"You're bonkers at your age swimming with tuna in the middle
of the ocean. Anyway, where exactly is this place?" mutters
We confessed it did seem a bit wild, although for us the
mystery was why, as regular visitors to Adelaide, we had not
done it sooner.
Port Lincoln had somehow managed to stay under our radar
until now. Maybe that's its secret.
Certainly, its slow pace of life was part of what made it so
No traffic lights, no parking meters or wardens, just
unspoiled character and enough buzz without all the glitz of
other holiday destinations.
Fringed by the blue waters of Boston Bay on the Eyre
Peninsula and wrapped in a cocoon of wildlife, there's a
hospitable ring to the name Port Lincoln. It is a place like
no other, 650km from Adelaide - remote yet still in touch
with the mainland. For the 15,000 residents living here,
finding such idyllic surroundings must surely have been the
Once a sleepy little village, today it's the seafood capital
of Australia and home to the country's largest commercial
fishing fleet driven by tuna fishing, king prawns, rock
lobsters and mussel farms.
Fortunes have been made and lost here - the fortunes, in the
shape of the multimillion-dollar mansions of wealthy
fishermen, are on display for all to see.
Indeed, Port Lincoln boasts more millionaires per capita than
anywhere else in Australia.
An inspection of the tourist brochures highlighted several
must-do experiences. Front and centre of the attractions:
exploring the booming surf beaches, touring aquaculture
industries, a visit to the blue tuna farms and swimming with
Day one and the weather had turned bleak, but determined not
to let this spoil the action, we headed for the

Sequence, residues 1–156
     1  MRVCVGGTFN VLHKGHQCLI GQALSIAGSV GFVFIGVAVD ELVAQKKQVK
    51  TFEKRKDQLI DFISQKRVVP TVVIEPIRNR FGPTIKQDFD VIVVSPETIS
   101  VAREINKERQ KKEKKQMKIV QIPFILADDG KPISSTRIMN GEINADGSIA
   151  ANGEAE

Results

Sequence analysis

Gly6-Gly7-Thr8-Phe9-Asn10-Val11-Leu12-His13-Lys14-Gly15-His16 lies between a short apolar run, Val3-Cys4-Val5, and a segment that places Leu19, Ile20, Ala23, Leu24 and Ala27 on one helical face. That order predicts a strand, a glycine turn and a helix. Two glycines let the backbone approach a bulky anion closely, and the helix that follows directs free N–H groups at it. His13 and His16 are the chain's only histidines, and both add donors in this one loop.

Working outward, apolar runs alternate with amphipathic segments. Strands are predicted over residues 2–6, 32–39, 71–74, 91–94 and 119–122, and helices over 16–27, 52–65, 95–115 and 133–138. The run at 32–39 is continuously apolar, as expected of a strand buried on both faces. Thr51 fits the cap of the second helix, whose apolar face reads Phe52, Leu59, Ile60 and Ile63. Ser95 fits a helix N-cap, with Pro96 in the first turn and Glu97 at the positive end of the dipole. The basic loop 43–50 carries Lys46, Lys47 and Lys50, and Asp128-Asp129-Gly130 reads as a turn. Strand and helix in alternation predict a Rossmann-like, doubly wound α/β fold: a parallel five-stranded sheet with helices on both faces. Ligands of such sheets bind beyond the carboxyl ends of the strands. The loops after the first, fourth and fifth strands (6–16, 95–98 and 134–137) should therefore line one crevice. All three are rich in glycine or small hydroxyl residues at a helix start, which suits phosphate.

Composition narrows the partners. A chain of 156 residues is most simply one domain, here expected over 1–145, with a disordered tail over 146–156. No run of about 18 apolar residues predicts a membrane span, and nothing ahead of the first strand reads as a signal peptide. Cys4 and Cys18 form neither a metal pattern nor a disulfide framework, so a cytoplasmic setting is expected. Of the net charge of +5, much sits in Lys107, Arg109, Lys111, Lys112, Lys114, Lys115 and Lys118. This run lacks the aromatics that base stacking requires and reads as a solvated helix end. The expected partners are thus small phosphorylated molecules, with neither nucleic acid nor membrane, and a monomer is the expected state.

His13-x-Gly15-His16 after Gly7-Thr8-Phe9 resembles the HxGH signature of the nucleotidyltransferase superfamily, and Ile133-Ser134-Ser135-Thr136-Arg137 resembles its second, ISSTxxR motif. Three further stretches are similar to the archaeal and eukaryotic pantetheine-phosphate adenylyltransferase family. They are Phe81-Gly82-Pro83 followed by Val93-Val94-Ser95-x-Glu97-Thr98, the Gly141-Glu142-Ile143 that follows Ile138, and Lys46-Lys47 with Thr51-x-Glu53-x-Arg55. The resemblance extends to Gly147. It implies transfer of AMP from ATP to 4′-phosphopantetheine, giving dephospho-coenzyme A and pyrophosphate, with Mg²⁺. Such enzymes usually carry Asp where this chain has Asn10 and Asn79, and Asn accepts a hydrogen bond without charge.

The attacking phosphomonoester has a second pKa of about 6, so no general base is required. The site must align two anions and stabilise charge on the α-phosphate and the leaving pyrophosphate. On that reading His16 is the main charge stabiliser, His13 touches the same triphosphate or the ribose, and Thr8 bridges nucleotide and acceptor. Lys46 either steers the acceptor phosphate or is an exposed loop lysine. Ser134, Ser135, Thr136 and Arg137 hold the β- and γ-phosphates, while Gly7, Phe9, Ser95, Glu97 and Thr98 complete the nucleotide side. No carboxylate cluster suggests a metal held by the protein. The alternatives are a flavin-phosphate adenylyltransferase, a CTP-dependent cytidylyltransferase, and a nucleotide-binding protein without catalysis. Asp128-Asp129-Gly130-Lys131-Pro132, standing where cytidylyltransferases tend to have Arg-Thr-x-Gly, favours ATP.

architecturally stunning marina and the heartbeat of Port
Lincoln at Lincoln Cove. Before joining our charter, it
seemed prudent to take a water-taxi tour to familiarise
ourselves with the harbour and the endless canals through
expensive real estate.
Marina Boat Cruises operates an electrically powered launch
that weaves in and out of the canals with quiet precision.
The helmsman's local knowledge proved invaluable, pointing
out the owners of the most expensive fishing boats, which
mansion was part of which multimillion-dollar divorce
settlement and did we realise that an abalone licence can
fetch as much as $8 million ($NZ10.7 million)?
In two short hours, we learnt more about the area than we
could have absorbed in a week.
Next was Adventure Bay Charters, from where we set out for a
blue-fin tuna farm owned and operated by the skipper, Matt
Waller - whose family have been farming the big fish for
three generations. An enormous circular floating holding pen
more like a giant fish-net stocking holds hundreds of
gigantic tuna that are impounded for months to be fattened up
on pilchards before being sold to the lucrative Japanese
market for hundreds of thousands of dollars.
For those not keen to enter the pen, you can still feed the
fish with pilchards held with long metal tongs from the
viewing platform, or descend into an underwater observatory